I asked David Swanson why he wrote his new book, Learning to be You. Here’s the problem he addresses:
Some of us spend our whole lives trying to figure out who we are. But if we are followers and disciples of Christ, our identity is already decided. What we need to learn is how to understand it, embrace it, and let it lead us to a life of conviction and courage.
Below is a teaser from the book.
Maybe there are some people in the world who are so faithful and so attuned to God that when they come to those moments (when we draw close to death or mortality), moments even more realistic than mine, they are not afraid. Maybe there are some people so filled by the Spirit that those moments are bathed in total peace. Perhaps, but I think that is far more the exception than the rule. I think, as finite, flawed human beings, it is quite normal and natural to fear our demise. If it did not bother us in some way, I am not sure we valued life to begin with.
Of course, there are circumstances where death is a welcome relief from pain and suffering. I have seen people in those situations who embrace the possibility and actually long for it. I am not denying those realities, but simply acknowledging that for most of us, fear is a normal reaction to the prospect of death. And if it is, then the challenge is to examine those fears and not deny them.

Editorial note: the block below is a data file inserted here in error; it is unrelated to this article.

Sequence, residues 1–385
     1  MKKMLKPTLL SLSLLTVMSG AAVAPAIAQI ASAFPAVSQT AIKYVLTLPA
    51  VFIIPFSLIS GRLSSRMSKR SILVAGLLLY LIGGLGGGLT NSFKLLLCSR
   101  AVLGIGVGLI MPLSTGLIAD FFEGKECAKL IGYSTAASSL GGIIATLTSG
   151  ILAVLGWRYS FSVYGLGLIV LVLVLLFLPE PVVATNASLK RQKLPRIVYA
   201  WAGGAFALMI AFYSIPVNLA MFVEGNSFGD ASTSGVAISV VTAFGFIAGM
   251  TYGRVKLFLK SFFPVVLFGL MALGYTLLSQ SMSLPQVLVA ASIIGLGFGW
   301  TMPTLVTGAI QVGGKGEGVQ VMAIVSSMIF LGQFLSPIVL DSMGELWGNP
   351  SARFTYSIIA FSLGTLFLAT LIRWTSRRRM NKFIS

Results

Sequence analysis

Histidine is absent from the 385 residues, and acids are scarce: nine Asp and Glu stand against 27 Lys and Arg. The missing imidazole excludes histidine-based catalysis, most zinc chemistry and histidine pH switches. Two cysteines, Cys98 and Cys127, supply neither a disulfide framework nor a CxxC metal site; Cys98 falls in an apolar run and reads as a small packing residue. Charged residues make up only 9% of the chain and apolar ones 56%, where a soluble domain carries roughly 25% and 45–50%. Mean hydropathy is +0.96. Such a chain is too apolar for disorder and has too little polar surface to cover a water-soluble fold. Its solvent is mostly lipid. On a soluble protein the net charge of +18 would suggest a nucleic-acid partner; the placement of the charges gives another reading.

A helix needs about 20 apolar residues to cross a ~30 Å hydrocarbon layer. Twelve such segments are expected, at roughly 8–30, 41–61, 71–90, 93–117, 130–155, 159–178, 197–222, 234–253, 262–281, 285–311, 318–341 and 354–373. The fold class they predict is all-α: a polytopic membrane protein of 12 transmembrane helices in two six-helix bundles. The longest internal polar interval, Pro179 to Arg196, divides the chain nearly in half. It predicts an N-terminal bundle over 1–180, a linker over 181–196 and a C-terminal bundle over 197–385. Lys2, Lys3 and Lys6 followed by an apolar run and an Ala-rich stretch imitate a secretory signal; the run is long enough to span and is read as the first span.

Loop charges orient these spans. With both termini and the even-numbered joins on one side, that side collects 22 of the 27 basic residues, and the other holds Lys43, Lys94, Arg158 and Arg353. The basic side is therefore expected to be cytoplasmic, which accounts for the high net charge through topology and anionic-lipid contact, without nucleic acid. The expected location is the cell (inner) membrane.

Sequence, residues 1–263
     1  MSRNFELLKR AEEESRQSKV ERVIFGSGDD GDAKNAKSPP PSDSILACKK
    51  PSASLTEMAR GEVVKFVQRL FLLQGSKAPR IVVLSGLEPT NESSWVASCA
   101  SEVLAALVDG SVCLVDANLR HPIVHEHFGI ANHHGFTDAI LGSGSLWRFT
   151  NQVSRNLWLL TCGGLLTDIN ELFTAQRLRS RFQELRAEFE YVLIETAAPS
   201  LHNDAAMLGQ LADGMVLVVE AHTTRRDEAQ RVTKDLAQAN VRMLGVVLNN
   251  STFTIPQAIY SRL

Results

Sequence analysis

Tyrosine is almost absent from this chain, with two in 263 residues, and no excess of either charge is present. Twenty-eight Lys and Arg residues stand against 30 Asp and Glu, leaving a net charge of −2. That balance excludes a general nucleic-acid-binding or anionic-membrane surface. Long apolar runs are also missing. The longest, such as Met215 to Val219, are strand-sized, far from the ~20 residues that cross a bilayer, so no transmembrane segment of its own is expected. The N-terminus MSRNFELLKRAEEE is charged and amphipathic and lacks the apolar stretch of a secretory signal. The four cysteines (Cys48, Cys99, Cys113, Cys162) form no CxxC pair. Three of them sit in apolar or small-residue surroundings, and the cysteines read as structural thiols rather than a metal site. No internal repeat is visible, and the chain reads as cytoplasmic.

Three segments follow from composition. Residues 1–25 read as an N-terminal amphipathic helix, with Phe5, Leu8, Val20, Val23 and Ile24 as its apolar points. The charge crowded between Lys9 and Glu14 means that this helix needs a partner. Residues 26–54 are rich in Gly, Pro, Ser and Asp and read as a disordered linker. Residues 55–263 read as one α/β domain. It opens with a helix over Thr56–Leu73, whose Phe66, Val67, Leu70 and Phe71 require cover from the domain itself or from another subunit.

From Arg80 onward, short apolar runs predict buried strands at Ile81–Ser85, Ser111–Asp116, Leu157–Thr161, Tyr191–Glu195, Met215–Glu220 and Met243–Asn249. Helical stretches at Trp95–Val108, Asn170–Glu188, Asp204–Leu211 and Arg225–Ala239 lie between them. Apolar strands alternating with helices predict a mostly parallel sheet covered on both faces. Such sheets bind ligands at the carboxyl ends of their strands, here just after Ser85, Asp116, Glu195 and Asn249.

If we super-spiritualize our self-talk and externally exude the Christian bravado we think must accompany the life and manner of a “good Christian”, we only do ourselves and others a disservice. We prevent ourselves from looking honestly at why we fear it, and in so doing, we never allow for spiritual growth. And if we don’t grow, we have nothing to offer others around us who fear the same things, and who may look to us for the hope they lack. Denying our fears only forces them deeper into an ever-widening pool of angst and anxiety. Facing the fears and considering God’s Word in response to them is what brings the peace we so long for, and by examining those fears now, we make ourselves all the more ready for the inevitable moment that is to come. We also allow God to mature us in faith so that we become useful instruments in His hands, ready and able to minister to others who may wrestle with those same fears.
Section from Learning to be You included here by permission of the author.
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